Stand Up to Cancer (SU2C) announced a new diversity initiative that aims to make sure current advances in diagnosing and treating cancers don’t leave anyone out.
The lack of diverse participation in cancer clinical trials may be due to socio-economic, cultural, trust and other barriers. Artificial or augmented intelligence combined with machine learning is largely seen as the way forward when it comes to making less invasive and speedier skin cancer diagnoses, but this could lead to mis- or under-diagnoses among certain skin of color patients if the samples are not diverse, explains John Whyte, MD member of SU2C’s Health Equity Committee and the Chief Medical Officer of WebMD, during a news conference hosted by journalist Katie Couric.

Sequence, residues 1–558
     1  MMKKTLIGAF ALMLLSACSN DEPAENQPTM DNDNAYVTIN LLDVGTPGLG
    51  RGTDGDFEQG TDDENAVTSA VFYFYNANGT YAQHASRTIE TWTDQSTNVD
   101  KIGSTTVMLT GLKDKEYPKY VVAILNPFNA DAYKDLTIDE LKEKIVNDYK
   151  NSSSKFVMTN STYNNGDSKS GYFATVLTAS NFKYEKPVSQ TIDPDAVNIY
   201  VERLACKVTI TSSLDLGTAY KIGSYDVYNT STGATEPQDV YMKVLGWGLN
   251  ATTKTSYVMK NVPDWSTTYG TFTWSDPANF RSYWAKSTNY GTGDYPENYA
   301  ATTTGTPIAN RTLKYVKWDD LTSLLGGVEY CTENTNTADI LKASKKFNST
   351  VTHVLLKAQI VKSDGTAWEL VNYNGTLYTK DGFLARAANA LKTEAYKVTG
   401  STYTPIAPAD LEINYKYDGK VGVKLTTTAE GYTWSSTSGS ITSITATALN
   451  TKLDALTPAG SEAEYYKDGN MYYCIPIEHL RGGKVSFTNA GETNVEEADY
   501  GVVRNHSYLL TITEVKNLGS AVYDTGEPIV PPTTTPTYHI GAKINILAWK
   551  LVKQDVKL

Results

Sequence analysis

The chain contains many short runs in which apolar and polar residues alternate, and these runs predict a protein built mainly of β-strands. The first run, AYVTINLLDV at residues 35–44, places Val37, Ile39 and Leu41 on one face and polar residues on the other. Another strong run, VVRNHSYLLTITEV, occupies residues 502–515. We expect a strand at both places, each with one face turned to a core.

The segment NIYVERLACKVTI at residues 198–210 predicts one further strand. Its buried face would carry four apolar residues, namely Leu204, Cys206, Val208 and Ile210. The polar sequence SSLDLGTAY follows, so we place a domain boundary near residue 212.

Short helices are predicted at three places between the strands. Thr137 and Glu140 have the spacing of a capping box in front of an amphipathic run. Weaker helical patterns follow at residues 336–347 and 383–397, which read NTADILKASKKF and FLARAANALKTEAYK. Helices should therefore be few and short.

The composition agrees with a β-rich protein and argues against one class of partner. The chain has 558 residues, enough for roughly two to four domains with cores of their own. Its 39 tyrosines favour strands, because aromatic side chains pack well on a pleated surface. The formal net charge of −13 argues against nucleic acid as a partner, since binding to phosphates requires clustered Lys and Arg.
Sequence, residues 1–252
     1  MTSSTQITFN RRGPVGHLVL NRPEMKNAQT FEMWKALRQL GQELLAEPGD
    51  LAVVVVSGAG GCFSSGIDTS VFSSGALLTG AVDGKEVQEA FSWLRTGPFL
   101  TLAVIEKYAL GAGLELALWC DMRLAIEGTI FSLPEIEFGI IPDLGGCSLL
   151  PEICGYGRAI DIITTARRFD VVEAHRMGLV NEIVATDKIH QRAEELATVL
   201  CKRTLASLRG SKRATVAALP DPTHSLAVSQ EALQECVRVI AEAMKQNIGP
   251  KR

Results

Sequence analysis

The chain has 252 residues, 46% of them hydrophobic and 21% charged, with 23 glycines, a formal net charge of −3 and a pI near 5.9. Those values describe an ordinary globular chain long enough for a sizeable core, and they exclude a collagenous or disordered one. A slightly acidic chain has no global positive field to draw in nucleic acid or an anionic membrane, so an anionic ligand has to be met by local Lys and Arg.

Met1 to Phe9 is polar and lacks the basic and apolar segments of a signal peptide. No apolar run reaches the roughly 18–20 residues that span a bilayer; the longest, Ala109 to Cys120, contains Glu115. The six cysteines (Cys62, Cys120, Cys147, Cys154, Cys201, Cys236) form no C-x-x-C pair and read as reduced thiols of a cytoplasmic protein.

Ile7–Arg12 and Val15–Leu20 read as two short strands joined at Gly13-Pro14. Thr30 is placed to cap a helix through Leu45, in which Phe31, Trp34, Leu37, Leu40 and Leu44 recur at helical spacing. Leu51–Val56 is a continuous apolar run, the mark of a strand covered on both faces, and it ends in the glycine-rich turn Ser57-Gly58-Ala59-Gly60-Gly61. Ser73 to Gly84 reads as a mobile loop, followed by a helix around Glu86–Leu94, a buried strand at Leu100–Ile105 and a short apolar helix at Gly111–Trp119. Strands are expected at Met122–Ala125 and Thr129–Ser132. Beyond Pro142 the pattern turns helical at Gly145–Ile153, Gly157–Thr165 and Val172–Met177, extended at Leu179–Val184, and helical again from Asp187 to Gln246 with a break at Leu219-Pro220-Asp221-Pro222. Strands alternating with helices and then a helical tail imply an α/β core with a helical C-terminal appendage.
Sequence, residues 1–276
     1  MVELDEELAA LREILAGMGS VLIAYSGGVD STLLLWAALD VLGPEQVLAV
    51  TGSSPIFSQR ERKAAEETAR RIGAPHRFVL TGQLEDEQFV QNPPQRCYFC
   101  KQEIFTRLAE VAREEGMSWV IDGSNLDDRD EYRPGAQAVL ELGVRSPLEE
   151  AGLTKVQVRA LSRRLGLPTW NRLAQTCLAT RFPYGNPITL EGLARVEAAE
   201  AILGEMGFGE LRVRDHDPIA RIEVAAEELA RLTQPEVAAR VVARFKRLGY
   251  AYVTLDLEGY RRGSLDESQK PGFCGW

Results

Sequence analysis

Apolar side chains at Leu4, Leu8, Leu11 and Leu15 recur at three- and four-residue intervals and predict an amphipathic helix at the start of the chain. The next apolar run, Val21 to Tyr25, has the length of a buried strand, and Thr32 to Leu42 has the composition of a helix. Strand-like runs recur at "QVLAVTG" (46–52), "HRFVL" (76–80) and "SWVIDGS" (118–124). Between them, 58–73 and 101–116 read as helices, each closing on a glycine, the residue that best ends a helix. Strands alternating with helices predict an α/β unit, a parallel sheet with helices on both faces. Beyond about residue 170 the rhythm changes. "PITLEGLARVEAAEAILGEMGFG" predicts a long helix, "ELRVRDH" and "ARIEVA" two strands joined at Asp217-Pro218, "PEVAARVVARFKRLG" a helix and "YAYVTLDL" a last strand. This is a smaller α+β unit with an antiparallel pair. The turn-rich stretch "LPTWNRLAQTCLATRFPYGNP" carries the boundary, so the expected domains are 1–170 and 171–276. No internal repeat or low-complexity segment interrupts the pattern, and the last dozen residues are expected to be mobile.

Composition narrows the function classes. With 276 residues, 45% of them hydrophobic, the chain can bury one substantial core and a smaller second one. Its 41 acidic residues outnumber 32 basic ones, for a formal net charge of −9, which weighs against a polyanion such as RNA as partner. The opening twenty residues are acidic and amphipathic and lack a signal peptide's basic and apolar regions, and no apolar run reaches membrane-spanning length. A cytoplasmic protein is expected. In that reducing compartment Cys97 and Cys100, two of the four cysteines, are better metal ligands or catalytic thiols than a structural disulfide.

Most of the data and images included in current algorithms are from Caucasian populations, he says. “We are trying to [harness] technology to diagnose skin cancer when the population [included in current algorthims] is primarily white,” he says. “It is a concern that you will misdiagnose skin cancer in people of color [based on today's algorithms]."
Established in 2008, SU2C raises funds for cancer research. As part of the new diversity initiative, the group will now mandate that future SU2C-supported research grant proposals include and address crucial issues related to recruitment and retention of patients from ethnic groups to improve diverse participation in cancer clinical trials.